Safer injecting. Reducing your risk. Includes free DVD for injectors!

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1 Safer injecting Reducing your risk Includes free DVD for injectors!

2 When a needle feels blunt, this is what it looks like. Imagine what it could do to your veins. This needle has been through the skin a few times in the search for a vein.

3 Introduction This booklet aims to reduce some of the problems caused by injecting. If you are a drug user who doesn t inject, there is no need to read any further the advice is simple: don t start! If you inject, improving your injecting technique can really reduce vein damage and prevent some of the serious problems that affect people with lots of collapsed veins. It can also prevent or delay the move to riskier sites.

4 Why? You have only got one set of veins. If you give them a break when they have been damaged by injecting, they can sometimes recover. But once veins collapse they are gone for good. If only a few veins have collapsed, the blood can use other nearby veins to get back to the heart, but if more and more veins collapse, the arm or (more seriously) leg can become swollen, cold and painful. This condition can be lifelong and although it may get better when you stop injecting, things seldom return to normal. The information in this booklet aims to reduce the harms of injecting by helping you to preserve the veins in your arms and giving you time to think about stopping or changing the way you take drugs.

5 Clots and vein collapse Blood is amazing stuff: it flows around our bodies without clotting, but as soon as we get a cut or graze it stops flowing and forms clots, which turn into scabs and then into scar tissue. It does this because it contains billions of tiny cells called platelets, which clot as soon as there is any turbulence in the flow of blood. The lining of veins is perfectly smooth, so that the blood won t clot as it flows along. But the smooth lining of the vein can be damaged by: the needle; the drug (especially cocaine and crack); too much acid; injecting too often or too fast; infection; and flushing the syringe after your hit. When the lining of the vein is damaged clots can form, eventually leading to vein collapse. This process is illustrated over the page...

6 How veins collapse 1 2 Damage to the lining of the vein causes turbulence in the flow of blood. The turbulence causes clots to form on the inside of the vein.

7 3 4 These clots make the vein narrower, causing more clots to form, making the vein narrower still. Eventually the vein blocks, and the clots turn into scar tissue which shrinks and pulls the sides of the vein together, causing it to collapse.

8 Acids Brown heroin and crack cocaine are made in a smokeable base form that do not dissolve well in water. In order to make the drug dissolve for injection they have to be converted to water-soluble salt forms. This is done by adding an acid. Citric acid and vitamin C (ascorbic acid) are the acids most commonly used to make brown heroin and crack cocaine dissolve. Adding an acid to a base provokes a chemical reaction that converts the base into a water-soluble salt. Acids can cause chemical burns, tissue damage and increase the risk of infections at the injecting site especially when too much is used. To reduce the amount of vein damage to a minimum it is important to use as little as possible. Add the acid a bit at a time until the drug has dissolved.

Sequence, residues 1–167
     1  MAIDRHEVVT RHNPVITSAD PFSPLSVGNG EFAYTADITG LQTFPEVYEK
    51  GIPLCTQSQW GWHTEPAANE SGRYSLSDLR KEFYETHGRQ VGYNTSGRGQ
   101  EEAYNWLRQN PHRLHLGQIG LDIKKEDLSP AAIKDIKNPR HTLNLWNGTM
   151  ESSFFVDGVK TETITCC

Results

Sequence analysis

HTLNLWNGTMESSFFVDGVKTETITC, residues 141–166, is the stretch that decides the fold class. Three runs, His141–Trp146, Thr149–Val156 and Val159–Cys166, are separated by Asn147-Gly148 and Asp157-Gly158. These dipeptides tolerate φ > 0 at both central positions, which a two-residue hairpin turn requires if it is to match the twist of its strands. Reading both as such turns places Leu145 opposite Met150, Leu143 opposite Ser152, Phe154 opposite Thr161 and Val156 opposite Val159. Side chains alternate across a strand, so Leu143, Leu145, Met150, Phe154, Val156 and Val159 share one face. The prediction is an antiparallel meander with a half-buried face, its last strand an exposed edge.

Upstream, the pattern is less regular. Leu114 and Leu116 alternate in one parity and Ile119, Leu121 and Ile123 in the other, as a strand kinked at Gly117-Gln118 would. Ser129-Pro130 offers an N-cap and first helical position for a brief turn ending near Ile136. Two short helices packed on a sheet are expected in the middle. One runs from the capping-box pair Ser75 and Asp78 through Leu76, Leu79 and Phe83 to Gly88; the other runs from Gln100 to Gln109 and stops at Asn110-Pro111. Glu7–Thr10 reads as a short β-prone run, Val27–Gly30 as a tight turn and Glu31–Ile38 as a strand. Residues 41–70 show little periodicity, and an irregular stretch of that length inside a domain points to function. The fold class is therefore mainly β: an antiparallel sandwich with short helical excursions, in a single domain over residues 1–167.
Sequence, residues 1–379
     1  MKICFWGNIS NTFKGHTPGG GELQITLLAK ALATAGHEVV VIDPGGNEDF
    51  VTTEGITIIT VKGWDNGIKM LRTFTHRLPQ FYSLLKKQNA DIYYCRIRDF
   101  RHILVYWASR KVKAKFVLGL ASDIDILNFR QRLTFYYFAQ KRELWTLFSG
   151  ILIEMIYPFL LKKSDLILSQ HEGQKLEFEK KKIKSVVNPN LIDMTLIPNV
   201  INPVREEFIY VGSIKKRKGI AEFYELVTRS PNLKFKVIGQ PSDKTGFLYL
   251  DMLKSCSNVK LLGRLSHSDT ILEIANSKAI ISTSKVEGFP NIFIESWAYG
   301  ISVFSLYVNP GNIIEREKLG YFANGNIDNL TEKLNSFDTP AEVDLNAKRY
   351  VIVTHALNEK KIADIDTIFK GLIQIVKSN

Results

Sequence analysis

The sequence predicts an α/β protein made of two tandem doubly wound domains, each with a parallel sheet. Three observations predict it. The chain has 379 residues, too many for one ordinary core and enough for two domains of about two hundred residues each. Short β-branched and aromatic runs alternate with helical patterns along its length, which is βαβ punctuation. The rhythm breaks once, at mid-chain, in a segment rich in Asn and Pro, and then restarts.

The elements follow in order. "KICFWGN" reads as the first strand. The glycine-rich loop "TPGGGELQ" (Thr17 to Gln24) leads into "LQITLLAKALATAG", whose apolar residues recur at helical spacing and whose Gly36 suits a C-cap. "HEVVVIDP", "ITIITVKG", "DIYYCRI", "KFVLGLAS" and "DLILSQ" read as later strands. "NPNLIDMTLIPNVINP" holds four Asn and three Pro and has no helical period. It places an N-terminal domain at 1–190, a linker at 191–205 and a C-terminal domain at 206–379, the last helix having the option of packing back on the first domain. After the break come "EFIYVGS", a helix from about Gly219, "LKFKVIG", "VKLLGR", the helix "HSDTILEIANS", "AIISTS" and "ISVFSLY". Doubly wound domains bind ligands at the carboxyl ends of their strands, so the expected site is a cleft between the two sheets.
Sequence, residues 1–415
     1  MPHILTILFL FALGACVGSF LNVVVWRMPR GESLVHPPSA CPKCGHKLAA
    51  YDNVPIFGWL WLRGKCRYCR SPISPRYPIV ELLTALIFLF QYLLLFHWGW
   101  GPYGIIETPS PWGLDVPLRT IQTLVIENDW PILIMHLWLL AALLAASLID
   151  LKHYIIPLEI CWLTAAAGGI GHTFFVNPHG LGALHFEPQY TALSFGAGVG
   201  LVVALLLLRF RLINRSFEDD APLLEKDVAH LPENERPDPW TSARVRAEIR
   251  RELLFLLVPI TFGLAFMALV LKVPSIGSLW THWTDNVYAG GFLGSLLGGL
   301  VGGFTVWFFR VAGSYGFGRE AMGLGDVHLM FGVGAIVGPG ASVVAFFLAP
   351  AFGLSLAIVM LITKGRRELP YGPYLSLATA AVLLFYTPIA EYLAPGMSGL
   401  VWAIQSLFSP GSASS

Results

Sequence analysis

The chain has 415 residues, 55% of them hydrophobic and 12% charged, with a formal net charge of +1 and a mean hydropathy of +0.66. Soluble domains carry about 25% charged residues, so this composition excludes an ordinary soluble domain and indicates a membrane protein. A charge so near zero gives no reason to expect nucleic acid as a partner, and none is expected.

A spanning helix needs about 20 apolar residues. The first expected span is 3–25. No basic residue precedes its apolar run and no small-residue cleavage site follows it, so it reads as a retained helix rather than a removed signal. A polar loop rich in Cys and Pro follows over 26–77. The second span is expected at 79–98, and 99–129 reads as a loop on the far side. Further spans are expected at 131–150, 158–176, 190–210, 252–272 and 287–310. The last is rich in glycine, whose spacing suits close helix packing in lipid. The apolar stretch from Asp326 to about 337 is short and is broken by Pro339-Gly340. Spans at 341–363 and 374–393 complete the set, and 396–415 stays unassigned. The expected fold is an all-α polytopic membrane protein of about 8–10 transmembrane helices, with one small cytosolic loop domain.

9 Many people use far too much acid, causing citric burns and vein damage. Adding too much acid doesn t make the hit any better: once all the heroin (or crack) has bound with the acid and dissolved into the water, extra acid will only make the solution more caustic for the veins. To convert all the diamorphine in a typical 10 bag (0.1 gram 0.15 gram) of heroin you need just: 20 mg of citric acid; or 60 mg of vitamin C. That s just one-fifth of a sachet!

10 Citric acid or vitamin C? There is no evidence that either vitamin C or citric acid causes more or less vein damage than the other. Vitamin C is less strong than citric acid, so it has a greater margin for error a little extra vitamin C will cause less of a change in acidity than the same amount of citric acid. Safer injecting advice has often encouraged the use of vitamin C for this reason. It is probably best to stick with what you know, and to rotate sites, and use less acid if you start to experience pain or redness during or after injecting.

11 Rotating sites Injecting into both arms and varying the places that you inject will give your veins a chance to recover between injections. It is always easier to inject with the hand you write with. Learning to inject with the other hand could help save your veins. If you are a regular injector it is better to learn this skill sooner rather than later because you don t want to start learning to inject with your other hand when you need a hit, but can t find a vein. Needle and syringe size Use the smallest size needle that you can for most people, and most sites, this is the 27 30G needle that comes on 1 ml syringes. Using fine needles requires care, as they can break when bent.